When I was a little girl, my favorite princess was Cinderella. I'm not even sure why she was my favorite and I certainly do not recall watching the movie as often as Maddie has watched her princess movies.

But I'm not sure if liking princesses is a good thing or actually a bad thing or just the way it is. You don't want to rob your child of enjoying princess movies and fairy tales but I think it does a huge disservice to our girls.

I didn't even realize the impact that these fairy tales and television had on me until I was in a relationship. I had an extremely difficult time letting go of the fairy tale romances and Hollywood endings. I certainly didn't think that relationships were easy by any means. Coming from a family with divorced parents was evidence of the difficulty in marriages. However, I certainly do not remember a lot of the challenges my parents faced.

After my first year of dating, David and I broke up. Things got weird as a couple because of some of my expectations of what love and life 'should' be. I had the hardest time with being normal. So on our first year anniversary of dating, we broke up.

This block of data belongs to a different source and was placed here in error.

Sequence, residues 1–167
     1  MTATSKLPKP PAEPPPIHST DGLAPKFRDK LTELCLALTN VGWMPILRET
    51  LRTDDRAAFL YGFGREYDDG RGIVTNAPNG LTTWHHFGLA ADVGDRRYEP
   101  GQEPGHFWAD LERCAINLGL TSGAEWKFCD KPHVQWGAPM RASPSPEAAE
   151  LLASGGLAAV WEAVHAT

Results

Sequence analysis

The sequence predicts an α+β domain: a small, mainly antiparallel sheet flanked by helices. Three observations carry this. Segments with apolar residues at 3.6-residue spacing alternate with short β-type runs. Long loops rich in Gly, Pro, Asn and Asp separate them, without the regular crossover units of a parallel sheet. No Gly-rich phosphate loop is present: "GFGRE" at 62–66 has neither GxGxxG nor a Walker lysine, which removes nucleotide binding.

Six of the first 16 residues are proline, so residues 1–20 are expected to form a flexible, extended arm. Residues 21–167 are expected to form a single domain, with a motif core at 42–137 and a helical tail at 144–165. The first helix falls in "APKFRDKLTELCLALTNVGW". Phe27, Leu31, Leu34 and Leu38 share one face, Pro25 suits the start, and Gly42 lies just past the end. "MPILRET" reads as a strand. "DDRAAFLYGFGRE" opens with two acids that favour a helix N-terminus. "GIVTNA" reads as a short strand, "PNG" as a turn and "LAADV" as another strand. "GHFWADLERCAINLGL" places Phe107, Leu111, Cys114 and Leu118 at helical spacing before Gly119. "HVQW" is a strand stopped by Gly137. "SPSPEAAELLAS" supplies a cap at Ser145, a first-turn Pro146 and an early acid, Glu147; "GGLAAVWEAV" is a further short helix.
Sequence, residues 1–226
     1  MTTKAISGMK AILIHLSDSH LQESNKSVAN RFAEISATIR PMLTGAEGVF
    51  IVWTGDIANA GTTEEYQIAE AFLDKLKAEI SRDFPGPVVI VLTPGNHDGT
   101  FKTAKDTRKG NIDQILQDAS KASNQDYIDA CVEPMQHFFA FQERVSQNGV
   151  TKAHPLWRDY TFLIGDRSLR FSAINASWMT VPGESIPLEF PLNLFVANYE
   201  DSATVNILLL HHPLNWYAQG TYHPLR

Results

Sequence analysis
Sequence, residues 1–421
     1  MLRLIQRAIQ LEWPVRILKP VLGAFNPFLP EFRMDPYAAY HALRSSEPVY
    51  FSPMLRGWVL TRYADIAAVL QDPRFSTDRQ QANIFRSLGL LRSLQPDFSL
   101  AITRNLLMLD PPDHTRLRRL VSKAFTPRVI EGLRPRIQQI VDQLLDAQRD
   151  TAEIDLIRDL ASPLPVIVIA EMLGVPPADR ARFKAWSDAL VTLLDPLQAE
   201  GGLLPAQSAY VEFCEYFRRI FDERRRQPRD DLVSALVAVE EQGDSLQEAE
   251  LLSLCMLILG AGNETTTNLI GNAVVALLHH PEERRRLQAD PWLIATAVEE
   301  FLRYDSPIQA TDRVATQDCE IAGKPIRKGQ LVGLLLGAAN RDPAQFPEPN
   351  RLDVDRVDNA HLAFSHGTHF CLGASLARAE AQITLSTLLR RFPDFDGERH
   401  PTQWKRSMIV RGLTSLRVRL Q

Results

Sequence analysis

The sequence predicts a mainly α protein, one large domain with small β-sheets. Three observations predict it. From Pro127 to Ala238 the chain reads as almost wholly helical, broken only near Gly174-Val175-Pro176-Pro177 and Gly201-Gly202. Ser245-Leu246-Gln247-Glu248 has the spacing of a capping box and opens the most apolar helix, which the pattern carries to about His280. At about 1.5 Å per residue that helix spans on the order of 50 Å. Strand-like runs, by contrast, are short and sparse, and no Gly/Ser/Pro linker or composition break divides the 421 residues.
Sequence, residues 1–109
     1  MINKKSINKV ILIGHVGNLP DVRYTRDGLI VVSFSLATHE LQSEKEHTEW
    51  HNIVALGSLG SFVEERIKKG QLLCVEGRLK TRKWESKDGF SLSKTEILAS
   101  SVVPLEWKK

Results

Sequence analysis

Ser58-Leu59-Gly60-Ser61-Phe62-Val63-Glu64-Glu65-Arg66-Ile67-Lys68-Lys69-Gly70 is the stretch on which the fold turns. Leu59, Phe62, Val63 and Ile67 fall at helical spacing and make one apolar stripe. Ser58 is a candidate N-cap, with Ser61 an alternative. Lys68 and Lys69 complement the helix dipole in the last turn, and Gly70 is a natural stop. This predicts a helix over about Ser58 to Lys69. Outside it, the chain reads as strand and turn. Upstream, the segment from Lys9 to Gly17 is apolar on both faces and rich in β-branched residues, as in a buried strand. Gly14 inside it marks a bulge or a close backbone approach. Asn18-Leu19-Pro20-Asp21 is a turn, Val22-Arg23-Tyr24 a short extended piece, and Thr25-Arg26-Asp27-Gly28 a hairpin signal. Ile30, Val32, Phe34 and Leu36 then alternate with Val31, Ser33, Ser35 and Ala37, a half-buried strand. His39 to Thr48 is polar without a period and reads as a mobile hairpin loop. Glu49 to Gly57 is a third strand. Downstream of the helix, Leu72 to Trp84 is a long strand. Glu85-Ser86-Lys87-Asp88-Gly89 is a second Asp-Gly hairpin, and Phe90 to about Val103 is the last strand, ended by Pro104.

Then we went on with our previously made plans to fly back to Manitoba. David had his ten year high school reunion and I had my five year bible school reunion. David couldn't bring himself to go to his reunion so he came to mine. That was interesting. How did I introduce him to my friend's? But at the same time, the weirdness of dating was gone. We could be a regular couple, although undefined, things were back to 'normal'. I didn't have to 'be' anyone except myself. I just want to clarify that it wasn't Dave's expectations of me but my own expectations.

So nowadays, it is a continuous battle not to base life on your feelings. Feelings, whether good or bad, should not be a life changer. I should not make life decisions based on feelings. So how do you separate what needs to be dealt with and what is completely trivial. I don't want to ignore the 'small' things that actually are a 'huge' deal.

I think that an openness in communication will hopefully allow a couple to determine what is truly important. Is a part of love just accepting the love someone has for you? I know that there are different love languages and so the language of love that you are using may not be understood by your spouse. Is it possible to feel cared for but not loved? Isn't it insulting to tell someone that you don't feel loved by them? You just need to get on the same page of understanding one another.